June 17, 2024

Your Quick Guide to the proposed National Policy Statement on Indigenous Biodiversity – Forest & Bird

Why do we need a National Policy Statement for Indigenous Biodiversity (NPSIB)?

Rock wren standing proudly on a rock

Tuke | New Zealand rock wren (Photo: Grant Maslowski)

The 2018 State of the Environment report identified we had over 4000 plants and animals in New Zealand at risk of extinction. And despite some doing better under intensive management, many are still quietly slipping away. Our approach needs to change.

The Resource Management Act was introduced in 1991 to help arrest the decline across the country – but again, we are still losing many of our precious places despite the legislation. Between 1990 and 2008, 70,200 ha of native grassland was converted to pasture in the inland South Island alone. The West Coast region had the largest clearance of native forest anywhere in the country from 1996-2012, of over 5000 hectares. In Southland, 90 per cent of wetlands have been cleared and drained. An astonishing 3452 ha of that clearance has happened since 1990.

We simply can’t continue and think “she’ll be right”, cos “she ain’t”. Our native wildlife and wild places need us to step up.

Ready to step up? Make a submission supporting better protection for native wildlife.

Nature knows no borders. The kererū doesn’t distinguish between your backyard or the Council reserve. The night flying bat doesn’t know whether the matai its roosting in during the day is on your farm, or in a national park.

The current system provides a very general approach, and Councils have interpreted the rules and policies very differently leading to a lot of unequal decisions, unfair expectations, and long and litigious battles.

Bats don’t know whether the matai they’re roosting in is on your farm, or in a national park. (Photo by Colin O’Donnell/DOC).

This National Policy Statement on Indigenous Biodiversity (NPSIB) is long overdue. It will provide national consistency with the criteria used, it will provide certainty for landowners and conservationists alike, it will help guide Councils to better support their communities. But most of all it will help stop the slide towards extinction for our native plants and animals, and the homes in which they live.

What existed before the proposed NPSIB and how will this improve things?

The overarching legislation, the Resource Management Act, was passed in 1991. It already requires that significant natural areas are protected, regardless of whether they are on public or private land. That requirement hasn’t changed. What will change is that up until now each Council applied the law differently, and used different criteria depending on the advice they received. Many Councils have identified SNAs but have not mapped them nor given clarity about what can or can’t be done in them. Typically it resulted in employing costly experts and lawyers to argue it out, in every district or region around the country. The proposed NPSIB will standardise the criteria and policies that apply, ensuring equity and reducing expensive consenting costs.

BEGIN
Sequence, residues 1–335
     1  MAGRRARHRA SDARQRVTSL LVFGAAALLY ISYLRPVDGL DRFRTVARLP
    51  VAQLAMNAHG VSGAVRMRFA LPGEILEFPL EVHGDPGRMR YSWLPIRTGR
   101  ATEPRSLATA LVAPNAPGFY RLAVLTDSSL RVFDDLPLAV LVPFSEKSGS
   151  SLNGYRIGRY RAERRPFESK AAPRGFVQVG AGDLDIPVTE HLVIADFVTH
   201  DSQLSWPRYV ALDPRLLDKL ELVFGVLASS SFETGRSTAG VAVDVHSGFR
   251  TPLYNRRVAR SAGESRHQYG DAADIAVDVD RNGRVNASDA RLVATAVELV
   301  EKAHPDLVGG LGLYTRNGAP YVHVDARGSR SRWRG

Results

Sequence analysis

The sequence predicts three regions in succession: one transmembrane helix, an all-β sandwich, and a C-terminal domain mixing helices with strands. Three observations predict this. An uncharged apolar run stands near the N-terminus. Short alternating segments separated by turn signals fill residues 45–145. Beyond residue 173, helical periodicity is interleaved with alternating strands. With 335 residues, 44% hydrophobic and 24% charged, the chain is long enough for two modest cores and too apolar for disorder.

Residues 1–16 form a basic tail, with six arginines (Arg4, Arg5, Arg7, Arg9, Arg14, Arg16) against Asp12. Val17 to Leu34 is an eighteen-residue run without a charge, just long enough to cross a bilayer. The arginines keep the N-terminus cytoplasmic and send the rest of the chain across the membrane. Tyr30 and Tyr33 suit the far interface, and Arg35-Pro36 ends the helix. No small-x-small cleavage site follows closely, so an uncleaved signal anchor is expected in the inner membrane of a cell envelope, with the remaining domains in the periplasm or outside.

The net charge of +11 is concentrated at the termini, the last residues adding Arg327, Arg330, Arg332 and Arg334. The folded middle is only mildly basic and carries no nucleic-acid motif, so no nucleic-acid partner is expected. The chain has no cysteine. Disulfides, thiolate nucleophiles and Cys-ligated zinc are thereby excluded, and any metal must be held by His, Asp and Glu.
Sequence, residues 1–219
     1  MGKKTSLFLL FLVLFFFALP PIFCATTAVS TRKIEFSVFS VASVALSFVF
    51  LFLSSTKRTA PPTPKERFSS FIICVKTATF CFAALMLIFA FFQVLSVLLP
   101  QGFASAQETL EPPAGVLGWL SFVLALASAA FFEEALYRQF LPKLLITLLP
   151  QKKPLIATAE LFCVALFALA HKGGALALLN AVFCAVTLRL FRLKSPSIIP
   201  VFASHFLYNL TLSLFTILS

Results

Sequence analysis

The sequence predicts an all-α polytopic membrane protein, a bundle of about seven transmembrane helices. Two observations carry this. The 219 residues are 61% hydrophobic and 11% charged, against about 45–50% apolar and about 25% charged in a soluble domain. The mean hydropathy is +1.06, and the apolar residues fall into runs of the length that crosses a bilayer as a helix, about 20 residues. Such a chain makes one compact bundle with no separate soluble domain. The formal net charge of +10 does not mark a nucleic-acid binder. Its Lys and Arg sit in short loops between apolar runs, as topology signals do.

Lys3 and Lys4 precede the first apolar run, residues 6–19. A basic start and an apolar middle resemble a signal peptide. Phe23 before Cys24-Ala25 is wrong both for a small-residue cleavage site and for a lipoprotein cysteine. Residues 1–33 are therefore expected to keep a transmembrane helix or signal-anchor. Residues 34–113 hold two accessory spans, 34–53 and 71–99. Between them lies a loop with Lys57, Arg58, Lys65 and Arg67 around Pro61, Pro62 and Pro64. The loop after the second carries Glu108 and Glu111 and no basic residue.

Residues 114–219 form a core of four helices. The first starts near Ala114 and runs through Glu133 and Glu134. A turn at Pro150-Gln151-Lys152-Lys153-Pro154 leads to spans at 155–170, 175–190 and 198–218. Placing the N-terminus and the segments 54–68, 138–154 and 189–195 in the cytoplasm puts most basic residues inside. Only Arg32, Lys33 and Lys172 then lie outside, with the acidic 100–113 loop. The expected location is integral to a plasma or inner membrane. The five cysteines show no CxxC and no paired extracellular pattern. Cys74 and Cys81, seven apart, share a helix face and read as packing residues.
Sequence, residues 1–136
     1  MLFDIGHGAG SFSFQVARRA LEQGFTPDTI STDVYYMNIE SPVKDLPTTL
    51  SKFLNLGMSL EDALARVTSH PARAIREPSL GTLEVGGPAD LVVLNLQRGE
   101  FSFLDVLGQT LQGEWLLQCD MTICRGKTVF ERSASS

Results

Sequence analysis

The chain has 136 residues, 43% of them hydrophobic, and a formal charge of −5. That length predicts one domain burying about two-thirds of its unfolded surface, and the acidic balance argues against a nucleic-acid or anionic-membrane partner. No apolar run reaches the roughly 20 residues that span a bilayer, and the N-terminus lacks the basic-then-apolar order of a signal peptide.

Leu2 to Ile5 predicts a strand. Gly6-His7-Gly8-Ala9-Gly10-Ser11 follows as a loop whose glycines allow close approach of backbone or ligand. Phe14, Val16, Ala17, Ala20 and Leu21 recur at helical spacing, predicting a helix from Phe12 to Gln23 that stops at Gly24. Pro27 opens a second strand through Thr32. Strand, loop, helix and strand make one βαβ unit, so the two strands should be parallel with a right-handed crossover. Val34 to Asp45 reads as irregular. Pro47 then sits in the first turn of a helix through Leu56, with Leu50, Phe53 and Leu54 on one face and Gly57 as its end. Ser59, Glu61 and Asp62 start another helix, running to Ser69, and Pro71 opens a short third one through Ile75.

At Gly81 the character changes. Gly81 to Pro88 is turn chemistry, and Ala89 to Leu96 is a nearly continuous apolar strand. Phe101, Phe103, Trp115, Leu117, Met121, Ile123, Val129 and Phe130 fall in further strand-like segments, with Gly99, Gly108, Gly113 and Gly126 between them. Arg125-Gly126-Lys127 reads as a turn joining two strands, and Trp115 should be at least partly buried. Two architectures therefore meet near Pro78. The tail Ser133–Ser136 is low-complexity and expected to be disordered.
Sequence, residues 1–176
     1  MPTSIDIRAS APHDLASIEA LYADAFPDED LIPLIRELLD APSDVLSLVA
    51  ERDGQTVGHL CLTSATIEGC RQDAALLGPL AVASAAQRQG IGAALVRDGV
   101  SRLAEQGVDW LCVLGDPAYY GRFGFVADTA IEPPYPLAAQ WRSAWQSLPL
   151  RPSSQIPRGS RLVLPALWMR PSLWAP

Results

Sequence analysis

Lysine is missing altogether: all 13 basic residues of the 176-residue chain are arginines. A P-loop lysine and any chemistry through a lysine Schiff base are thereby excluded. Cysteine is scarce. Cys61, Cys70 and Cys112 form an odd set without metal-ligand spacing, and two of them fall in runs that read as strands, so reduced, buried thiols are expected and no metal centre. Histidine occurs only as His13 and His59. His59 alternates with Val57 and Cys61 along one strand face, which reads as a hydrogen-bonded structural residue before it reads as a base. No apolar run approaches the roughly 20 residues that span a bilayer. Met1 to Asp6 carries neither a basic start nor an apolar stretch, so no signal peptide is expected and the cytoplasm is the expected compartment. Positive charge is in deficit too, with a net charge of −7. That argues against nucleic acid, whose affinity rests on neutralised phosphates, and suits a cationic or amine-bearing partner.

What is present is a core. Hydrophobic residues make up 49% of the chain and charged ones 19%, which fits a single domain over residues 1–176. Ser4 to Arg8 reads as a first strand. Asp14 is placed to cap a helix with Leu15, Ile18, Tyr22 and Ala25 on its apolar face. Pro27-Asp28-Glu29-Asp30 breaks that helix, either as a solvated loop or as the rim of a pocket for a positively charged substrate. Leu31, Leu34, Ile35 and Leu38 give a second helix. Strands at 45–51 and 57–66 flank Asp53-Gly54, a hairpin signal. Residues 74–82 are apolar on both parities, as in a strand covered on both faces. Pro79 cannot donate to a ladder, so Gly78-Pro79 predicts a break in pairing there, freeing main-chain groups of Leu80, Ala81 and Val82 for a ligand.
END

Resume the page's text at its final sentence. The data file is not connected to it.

Many Councils also had less than ideal processes for identifying SNAs, such as using aerial photographs and then telling landowners by mail that their property contained an SNA. It is not surprising that this approach got people’s backs up. The NPSIB contains fairer and more respectful processes based on evidence of what has worked best around New Zealand.

What will the NPSIB do?

Stopping the loss won’t be easy, and it requires everyone to play their part – from conservationist to landowner, from politician to developer. This Policy is one way that will help guide that change. It is a multi-pronged approach:

  • providing guidance to councils and communities on what they need to do to
  • requiring mapping of “significant natural areas” (SNAs) of native vegetation or habitat on all land, regardless of tenure, and providing a fair and respectful process for how that mapping should happen
  • setting out policies that provide clear expectations around how effects on SNAs should be managed
  • requiring, for the first time, that councils think about where highly mobile animals like kea, kākā and bats are living and manage people’s actions to make sure those animals are not inadvertently wiped out
  • requiring regional coordination and strategies that build on the existing good conservation work happening in communities
  • employing methods such as better support and resourcing for landowners to help protect their special places
  • providing for greater engagement with iwi and recognition and acknowledgement of iwi’s close connection to their lands and waters.

The NPSIB will give clarity and certainty, and save time and money. Make a submission to support it.

What does it mean if I have an area designated as an SNA (significant natural area)?

If you have an SNA on your property, you have probably either looked after it already, or the way in which you have managed your land has protected it, either intentionally or unintentionally. The most important thing to recognise is that you have something special on your land that is worth protecting. Well done, and thank you. Without the thousands of landowners across the country who have done this, we would have very little – if any – important places left.

Up until the NPSIB, there has been no consistency about how the rules applied to your land – or whether what happened in your Council, was the same as what happened with the Council down the road. What part of your land did they apply to, did you have an SNA area or not? If you were looking to develop the land you often had to employ your own ecologist to determine if it was an SNA – a costly and time consuming exercise.

If you do have an SNA, the policies will apply to help protect the values of the SNA. There are several measures to do this :

  • Avoiding effects that would cause damage to threatened species or the intactness of the SNA
  • Avoiding, remedying, mitigating, offsetting or compensating for any other effects